Three days after Von Tschirnhaus’s death, there was a burglary at his house and, according to a report by Böttger, a small piece of porcelain was stolen. This report suggests that Böttger himself recognized that Von Tschirnhaus already knew how to make porcelain, a key piece of evidence that Von Tschirnhaus and not Böttger was the inventor. Work resumed on 20 March 1709, by which time Melchior Steinbrück had arrived to assess the dead man’s estate, which included the notes about making porcelain, and had met with Böttger. On 28 March 1709, Böttger went to August II and announced the invention of porcelain. Böttger now was nominated to head the first European manufactory for porcelain. Steinbrück became an inspector and married Böttger’s sister.
Contemporary testimonies of knowledgeable people indicate that Tschirnhaus invented porcelain. In 1719, for example, Samuel Stölzel of the porcelain factory of Meissen went to Vienna with the still-secret recipe and confirmed that it had been invented by Von Tschirnhaus and not by Böttger. In that same year, the General Secretary of the Meissen factory also indicated that the invention was not Böttger's “but by the late Herr von Tschirnhaus[,] whose written science” was handed to Böttger “by the inspector Steinbrück.” Nevertheless, Böttger’s name became closely associated with the invention.
- Medicina corporis, Amsterdam, 1686.
- Medicina mentis, Amsterdam, 1687.
- Medicina mentis et corporis, with ani Introduction by Wilhelm Risse. (Anastatic reprint) Hildesheim: Georg Olms, 1964.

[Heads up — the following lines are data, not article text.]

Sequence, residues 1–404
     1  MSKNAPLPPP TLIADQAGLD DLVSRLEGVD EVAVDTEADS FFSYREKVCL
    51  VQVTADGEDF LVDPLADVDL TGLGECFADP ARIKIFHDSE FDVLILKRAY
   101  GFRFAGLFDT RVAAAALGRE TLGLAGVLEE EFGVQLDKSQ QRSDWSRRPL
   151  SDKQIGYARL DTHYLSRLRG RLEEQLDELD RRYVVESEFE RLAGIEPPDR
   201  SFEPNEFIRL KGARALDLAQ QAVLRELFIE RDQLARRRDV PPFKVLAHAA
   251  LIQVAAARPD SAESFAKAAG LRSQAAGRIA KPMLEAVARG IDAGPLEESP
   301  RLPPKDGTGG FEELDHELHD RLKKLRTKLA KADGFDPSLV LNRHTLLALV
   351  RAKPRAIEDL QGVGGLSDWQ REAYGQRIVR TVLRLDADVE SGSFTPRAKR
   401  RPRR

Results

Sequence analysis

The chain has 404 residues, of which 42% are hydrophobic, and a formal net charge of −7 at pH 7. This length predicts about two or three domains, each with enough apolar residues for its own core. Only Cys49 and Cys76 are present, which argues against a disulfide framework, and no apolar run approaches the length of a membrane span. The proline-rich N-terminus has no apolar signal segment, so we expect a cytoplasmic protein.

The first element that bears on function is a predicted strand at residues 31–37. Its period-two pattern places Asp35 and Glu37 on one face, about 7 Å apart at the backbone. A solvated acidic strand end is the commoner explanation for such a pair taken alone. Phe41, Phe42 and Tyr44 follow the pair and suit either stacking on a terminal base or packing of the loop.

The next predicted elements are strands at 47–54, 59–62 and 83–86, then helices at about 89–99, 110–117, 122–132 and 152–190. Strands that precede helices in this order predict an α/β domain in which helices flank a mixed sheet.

- Ehrenfried Walther von Tschirnhaus at the Mathematics Genealogy Project
- Biography of Ehrenfried Walther von Tschirnhaus Tschirnhaus Society, 9 February 2006. Retrieved 28 November 2013. Archived here.
- "The Discovery of European Porcelain Technology" by C.M. Queiroz & S. Agathopoulos, 2005.
- Pots of fame economist.com, 31 March 2010. Retrieved 28 November 2013. Archived here.
- This article or a previous version of it is partially based on the public domain A Short Account of the History of Mathematics (4th edition, 1908) by W.W. Rouse Ball, as transcribed at Some Contemporaries of Descartes, Fermat, Pascal and Huygens: Tchirnhausen
- A significant part of the article is based on the corresponding German Wikipedia website from February 2, 2006 that contains references about the Böttger–Tschirnhaus controversy.
- O'Connor, John J.; Robertson, Edmund F., "Ehrenfried Walther von Tschirnhaus", MacTutor History of Mathematics archive, University of St Andrews.
- "Tschirnhausen, Ehrenfried Walter, Count". New International Encyclopedia. 1905.
- Otto Liebmann (1894), "Tschirnhaus, Walter von", Allgemeine Deutsche Biographie (ADB) (in German) 38, Leipzig: Duncker & Humblot, pp. 722–724
- Ehrenfried Walther von Tschirnhaus in the German National Library catalogue
- Website of the Tschirnhausgesellschaft (in English and German)
- Gunter E. Grimm: Argumentation und Schreibstrategie. Zum Vulkanismus-Diskurs im Werk von Ehrenfried Walther von Tschirnhaus
- http://www.sigsam.org/bulletin/articles/143/tschirnhaus.pdf English translation (by RF Green) of his 1683 paper—A method for removing all intermediate terms from a given equation.